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In South Asia, Efforts to Halt Spread of HIV Make Headway

A quarter century after the first HIV cases were detected in India, efforts to halt the spread of the virus are making headway in South Asia. But ignorance and stigma surrounding the disease still remain major stumbling blocks in a region where poverty and illiteracy are widespread.

Outreach program brings about awareness

Thousands of people from villages and towns in Assam, turned up to see what the seven-coach 'Red Ribbon Express' train had to offer, as it chugged across the remote north eastern state earlier this month.

The train, which has counseling and medical services, and a troupe of artists on board, is traveling across India to sensitize people about HIV.

Rakhi Chakraborty is assistant director of the Assam AIDS Control Society. She says exhibits on the train, street plays and other programs demonstrate how the virus is contracted and transmitted, as well as what treatments are available.

"So many people visited and those people, they really took interest. They have seen the whole train. They asked so many questions. There were so many people who came for counseling voluntarily. They came for testing also," Chakraborty said.

Targeted population

For a quarter century after the first HIV cases were diagnosed in India, populous cities such as Delhi, Mumbai and Chennai were the epicenter of the battle against AIDS. Here, prevention programs targeted the most vulnerable groups such as sex workers, truckers and migrant labor.

But, as the virus spreads through the heart of the country, initiatives such as the 'Red Ribbon Express' are trying to end ignorance or overcome stigma attached to AIDS in remote areas and villages.

South Asia has an estimated three million people living with the AIDS virus. A majority of them are in the region's most populous country, India, which has the third largest number of people living with HIV in the world, after South Africa and Nigeria.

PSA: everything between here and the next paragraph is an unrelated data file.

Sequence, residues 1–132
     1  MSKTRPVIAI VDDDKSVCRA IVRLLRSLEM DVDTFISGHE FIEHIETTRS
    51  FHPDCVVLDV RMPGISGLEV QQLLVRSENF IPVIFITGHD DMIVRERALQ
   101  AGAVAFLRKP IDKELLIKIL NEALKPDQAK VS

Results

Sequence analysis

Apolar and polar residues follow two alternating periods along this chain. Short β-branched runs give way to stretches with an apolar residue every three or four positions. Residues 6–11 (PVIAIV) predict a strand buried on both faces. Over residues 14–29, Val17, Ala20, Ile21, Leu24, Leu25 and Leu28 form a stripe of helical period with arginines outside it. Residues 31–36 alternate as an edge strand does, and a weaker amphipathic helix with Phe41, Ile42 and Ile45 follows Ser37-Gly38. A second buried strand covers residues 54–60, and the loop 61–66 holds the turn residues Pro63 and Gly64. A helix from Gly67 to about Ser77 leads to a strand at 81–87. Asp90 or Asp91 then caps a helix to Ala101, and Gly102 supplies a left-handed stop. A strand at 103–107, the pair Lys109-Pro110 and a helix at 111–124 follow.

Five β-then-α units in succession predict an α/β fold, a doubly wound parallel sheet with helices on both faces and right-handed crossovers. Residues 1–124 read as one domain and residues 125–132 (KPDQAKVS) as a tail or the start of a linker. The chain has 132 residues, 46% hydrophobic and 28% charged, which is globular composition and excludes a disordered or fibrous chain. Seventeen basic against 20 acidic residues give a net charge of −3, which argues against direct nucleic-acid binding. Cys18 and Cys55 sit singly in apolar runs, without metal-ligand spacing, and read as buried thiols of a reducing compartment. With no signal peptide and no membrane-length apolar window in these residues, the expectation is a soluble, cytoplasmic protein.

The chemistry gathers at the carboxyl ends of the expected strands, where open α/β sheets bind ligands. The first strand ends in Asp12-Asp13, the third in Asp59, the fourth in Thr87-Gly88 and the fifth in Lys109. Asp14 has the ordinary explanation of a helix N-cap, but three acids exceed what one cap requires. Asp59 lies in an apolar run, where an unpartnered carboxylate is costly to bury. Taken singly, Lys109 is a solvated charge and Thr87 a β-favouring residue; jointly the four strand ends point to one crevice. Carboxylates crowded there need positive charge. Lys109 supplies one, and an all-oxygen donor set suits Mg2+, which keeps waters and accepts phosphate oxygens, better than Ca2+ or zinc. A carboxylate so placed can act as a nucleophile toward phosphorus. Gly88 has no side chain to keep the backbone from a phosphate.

After a slow start in tackling HIV, India began making serious efforts to confront the problem in recent years. These efforts have yielded dividends, especially in southern states where prevalence was the highest.

Program Coordinator Asa Andersson, at UNAIDS in New Delhi, says there is a "decreasing trend" in the prevalence of AIDS. "We can say that the epidemic is stabilizing and in certain parts also decreasing. So you see a declining rate of HIV prevalence in the country, so in that sense I think it is positive," he said.

Positive strides apparent, but warning against complacency

However, health workers warn against complacency. They say that, although fears that HIV would spiral out of control have ebbed, serious challenges remain.

Suniti Solomon, has been on the frontlines of the fight against AIDS since 1986, when she helped detect India's first HIV cases in the southern state, Tamil Nadu.

Solomon says the profile of the patients at the center she runs for HIV patients in Chennai has changed. Earlier, a majority of her patients were truckers and sex workers. Now they are injecting drug users and men having sex with men.

India recently scrapped a law outlawing homosexuality. But even now, Solomon says many men prefer not to talk about their sexual preferences.

"In India they won't come and tell you they are gay," Solomon said. "Gay people are getting married and they lead a bisexual life. So to get a history out of them is very difficult, but we try our best. Unfortunately they also transmit the virus to their partners, that is their wives and, then, on to their children."

Extending prevention program to include more groups

Asa Andersson at UNAIDS says India needs to target more prevention and treatment programs at groups where the incidence of HIV is still a big concern, such as injecting drug users, young female sex workers and homosexuals. "Where they need to focus more is of course to increase the coverage among these groups," Andersson says. "I think the crucial heart to reach among the population, among this group, need further attention."

For many volunteers involved in the fight against AIDS, the most important concern has not changed since the first HIV case came to light -- the need to cajole more people to determine if they carry the AIDS virus.

Suniti Solomon says about half the people living with HIV are not even aware of it. "Most important, I think they should focus on voluntary counseling, testing. Though India has about 4,000 voluntary counseling, testing centers all over the country, very few really come up, because of stigma again to have a test done," Solomon said. "So I think it should be a community mobilization to help people to come up for testing."

That is exactly what the 'Red Ribbon Express' hopes to do, as it winds its way through the country for the rest of the year.